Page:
6. Wow. I weighed 380 at my absolute highest, and I never ate THAT much! My problem stems not from how much I eat, but what I was eating. Wheat, sugar, starchy things like potatoes and bread, bread, bread. I've come to realize I simply can't eat the way "nutrition" experts tell me to eat, and be healthy.

    I get a lot of guff from people these days about my chosen way of eating, the keto diet. I feel wonderful, and my body just seems to work well on it. But I can't escape the judgey looks from people when I go to the store and buy lots of meat, coconut oil, green veggies, butter, and heavy cream.

    If I were stuffing my face with low-fat everything and feeling like crap, people would nod approvingly. But you know what? I've lost 10 pounds in two weeks, eating regular, filling meals and not exercising one bit. My skin looks awesome, I no longer have dry patches all over my back and sides. I have energy. I can walk around a store without my back screaming at me for the first time in over a year.

    We need to do what's best for our lives and our bodies- if that means someone needs to be a vegetarian, fine. If someone needs to eat meat and butter and cheese, fine. If someone needs to eat nothing but fruit, fine. We are all different, and different bodies have different needs. You are beautiful and strong, and take great care of yourself!

  7. Check out Ragan Chastain's blog, Dances with Fat. She talks a lot about the Health at Every Size approach and also standing up for one's right to live in the body they have and not be shamed for it...she has a lot of really eye opening, great posts!!
    Her blog can be found at www.danceswithfat@wordpress.com.

  8. Yay for health at every size1 I was so down on myself for never managing to keep off the weight no matter how much I limited my eating and punished my body with exercise when all around me I saw thinner people (including family) who ate more and more crap than me. So glad to be off the 'treadmill even if I have to be careful not to let that sort of thinking creep back in.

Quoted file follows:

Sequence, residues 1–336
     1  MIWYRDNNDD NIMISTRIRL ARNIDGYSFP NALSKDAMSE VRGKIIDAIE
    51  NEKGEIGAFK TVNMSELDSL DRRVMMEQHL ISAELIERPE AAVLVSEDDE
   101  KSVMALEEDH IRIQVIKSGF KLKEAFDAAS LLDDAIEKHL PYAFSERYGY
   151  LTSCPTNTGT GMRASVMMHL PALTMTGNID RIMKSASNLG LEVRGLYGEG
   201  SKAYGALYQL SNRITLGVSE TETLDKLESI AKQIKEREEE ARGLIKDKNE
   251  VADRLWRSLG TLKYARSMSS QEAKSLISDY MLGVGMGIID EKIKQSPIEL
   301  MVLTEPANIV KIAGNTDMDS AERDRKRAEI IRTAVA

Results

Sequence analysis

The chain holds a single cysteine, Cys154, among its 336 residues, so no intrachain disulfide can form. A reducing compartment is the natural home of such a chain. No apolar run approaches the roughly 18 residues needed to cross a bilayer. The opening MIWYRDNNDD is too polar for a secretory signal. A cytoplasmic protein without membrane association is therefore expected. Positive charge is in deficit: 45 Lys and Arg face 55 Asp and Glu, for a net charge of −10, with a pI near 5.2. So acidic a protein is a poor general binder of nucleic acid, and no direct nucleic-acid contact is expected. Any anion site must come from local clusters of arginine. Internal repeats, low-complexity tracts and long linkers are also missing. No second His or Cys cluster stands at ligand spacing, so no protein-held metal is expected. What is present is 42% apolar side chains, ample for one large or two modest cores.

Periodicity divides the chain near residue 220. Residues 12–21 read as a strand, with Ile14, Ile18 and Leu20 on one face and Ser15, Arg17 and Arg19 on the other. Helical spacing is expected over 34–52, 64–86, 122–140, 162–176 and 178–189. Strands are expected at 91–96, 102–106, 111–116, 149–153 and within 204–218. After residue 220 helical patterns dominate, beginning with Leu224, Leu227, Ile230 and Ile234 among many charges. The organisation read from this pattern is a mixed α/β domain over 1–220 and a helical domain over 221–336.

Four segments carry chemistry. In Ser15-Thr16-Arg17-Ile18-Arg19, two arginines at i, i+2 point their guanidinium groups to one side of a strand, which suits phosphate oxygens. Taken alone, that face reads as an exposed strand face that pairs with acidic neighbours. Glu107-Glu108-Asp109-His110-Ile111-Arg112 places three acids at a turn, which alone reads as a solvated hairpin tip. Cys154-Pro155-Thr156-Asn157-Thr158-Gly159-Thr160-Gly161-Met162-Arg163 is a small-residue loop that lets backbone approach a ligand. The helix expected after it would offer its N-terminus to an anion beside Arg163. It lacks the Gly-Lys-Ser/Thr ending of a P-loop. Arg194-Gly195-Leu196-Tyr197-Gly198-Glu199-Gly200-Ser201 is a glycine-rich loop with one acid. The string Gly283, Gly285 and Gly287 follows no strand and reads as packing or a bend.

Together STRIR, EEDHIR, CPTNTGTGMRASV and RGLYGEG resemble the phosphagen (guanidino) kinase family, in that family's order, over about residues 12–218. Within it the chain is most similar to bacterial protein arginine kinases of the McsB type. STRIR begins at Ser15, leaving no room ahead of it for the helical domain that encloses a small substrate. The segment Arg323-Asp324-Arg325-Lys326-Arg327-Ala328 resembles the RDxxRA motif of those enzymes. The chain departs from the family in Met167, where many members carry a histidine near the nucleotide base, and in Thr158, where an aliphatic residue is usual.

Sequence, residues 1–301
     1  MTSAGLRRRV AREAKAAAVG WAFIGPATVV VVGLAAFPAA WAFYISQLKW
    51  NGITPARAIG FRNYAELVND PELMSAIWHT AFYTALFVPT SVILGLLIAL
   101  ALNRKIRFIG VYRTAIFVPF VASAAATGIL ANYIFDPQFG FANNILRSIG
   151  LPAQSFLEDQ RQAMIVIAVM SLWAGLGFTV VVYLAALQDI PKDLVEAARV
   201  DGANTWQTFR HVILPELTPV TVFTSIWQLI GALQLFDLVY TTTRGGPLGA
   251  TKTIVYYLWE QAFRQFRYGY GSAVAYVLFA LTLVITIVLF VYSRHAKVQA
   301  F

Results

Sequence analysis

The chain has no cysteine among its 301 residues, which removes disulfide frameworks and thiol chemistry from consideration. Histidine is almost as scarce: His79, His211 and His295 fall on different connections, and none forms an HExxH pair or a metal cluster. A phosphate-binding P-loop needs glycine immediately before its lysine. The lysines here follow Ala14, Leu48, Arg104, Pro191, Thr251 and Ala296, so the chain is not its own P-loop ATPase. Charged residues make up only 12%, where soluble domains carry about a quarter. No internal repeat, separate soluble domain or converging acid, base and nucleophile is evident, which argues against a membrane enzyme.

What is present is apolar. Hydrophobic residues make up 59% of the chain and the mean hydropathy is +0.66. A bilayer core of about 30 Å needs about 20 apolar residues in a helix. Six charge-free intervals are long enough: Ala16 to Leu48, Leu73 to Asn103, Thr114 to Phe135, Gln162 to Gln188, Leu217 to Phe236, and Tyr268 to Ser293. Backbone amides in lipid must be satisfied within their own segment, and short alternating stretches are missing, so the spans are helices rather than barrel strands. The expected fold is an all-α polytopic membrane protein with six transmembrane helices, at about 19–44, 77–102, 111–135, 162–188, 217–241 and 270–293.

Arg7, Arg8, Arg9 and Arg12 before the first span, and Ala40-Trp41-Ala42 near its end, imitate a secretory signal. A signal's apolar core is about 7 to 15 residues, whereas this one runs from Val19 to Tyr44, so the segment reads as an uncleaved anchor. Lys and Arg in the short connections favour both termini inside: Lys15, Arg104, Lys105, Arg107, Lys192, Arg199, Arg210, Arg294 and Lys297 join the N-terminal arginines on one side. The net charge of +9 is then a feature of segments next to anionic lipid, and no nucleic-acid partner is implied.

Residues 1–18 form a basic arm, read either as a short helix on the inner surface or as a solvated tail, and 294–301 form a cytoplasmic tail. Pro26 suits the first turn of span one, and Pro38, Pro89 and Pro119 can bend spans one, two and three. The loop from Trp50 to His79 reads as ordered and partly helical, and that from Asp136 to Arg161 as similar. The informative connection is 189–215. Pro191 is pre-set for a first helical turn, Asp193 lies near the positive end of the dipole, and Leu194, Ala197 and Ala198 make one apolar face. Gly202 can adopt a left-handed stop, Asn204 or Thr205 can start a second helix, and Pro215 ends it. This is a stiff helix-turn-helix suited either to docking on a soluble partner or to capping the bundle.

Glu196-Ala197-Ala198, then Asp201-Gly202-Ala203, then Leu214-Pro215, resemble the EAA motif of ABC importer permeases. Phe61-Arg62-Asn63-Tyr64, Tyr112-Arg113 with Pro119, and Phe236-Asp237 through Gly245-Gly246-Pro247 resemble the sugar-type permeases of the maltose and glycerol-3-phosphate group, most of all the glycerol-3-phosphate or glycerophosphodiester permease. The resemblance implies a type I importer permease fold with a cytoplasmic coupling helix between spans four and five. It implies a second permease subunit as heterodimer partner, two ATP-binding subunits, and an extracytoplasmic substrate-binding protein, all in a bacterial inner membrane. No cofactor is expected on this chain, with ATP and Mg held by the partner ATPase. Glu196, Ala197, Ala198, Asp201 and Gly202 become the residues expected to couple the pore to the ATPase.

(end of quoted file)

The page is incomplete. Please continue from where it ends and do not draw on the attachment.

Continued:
There is another aspect to this too, though, and that is that we have to avoid the 'good fatty bad fatty' divisions. if people do choose, or feel compelled, to eat 'bad foods'or more than some designated healthy portion of something, they still shouldn't be othered for that. If we are running around trying to show everyone that we are 'good fatties' then we will never be free. We will still be seeking approval and we will fail ourselves and our fellow fat people because we will be justifying ourselves forever and no-one will believe us anyway. We have to instead help educate that you can't tell how healthy someone is, or what they eat or do for exercise by looking at them. We need to stop judging people for how they look and teach that everyone deserves respect and empathy, fat or thin, healthy or unhealthy. We are all still souls who feel and suffer. xxx

  9. Thank you for this honest post. And thanks also for sharing those resources. I appreciate the info and will check them out. I'm a fat woman of 53. I'm 5'3" and weigh roughly 230 lbs. Have not been on a scale for almost a year though...I've always felt fat, even when I now realize, I wasn't fat. I have a problem of comparing myself to what I see in others. My bone structure is average and I'm stoutly built and have always been muscular, and strong, and active, and very healthy...physically at least. The problem used to be in my head and has now accumulated around my midsection as well...sigh. I eat more than I should, and am less active than ideal. But I'm moderately active and I eat a fairly healthy diet most of the time. I've never eaten as you mentioned some obviously do. But life is more about counting calories as you also mentioned. Loving my self and the body that I'm in, is the hard part. I'm thankful for my body, but do not view it as beautiful. I know that's the place to begin, and I'm becoming more comfortable with myself overall and in general as I age. I have just reached the point where my weight is beginning to interfere with the active things that I've always enjoyed. That has to change, or the vicious cycle will gain momentum. I am also a rider, and that is my single most favorite activity, ever. If I want to continue, I need to get to work...no more procrastinating. You are an inspiration, and I hear what you're saying. There are so many reasons for people to be, or become overweight. So very many. But you aren't ever going to change people, so don't even try. Be the proverbial duck...let it roll off like water on your back. So glad I found your blog! :)

  10. Wow, I have to say that your comments are wonderful, and very insightful!! I hadn't read them before, but I'm humbled at the honesty and the thoughtfulness with which people have spoken here. Really good stuff!!

  11. Do you have a Blogger interface? If so, you can add me to your reading list. Otherwise, if you follow the Facebook fanpage (linked near the top), I post an update there every time that there is an entry! :)

  12. Thanks for the reply. Yes, I have blogger. Still can't find the button to add to my reader list. Where is it?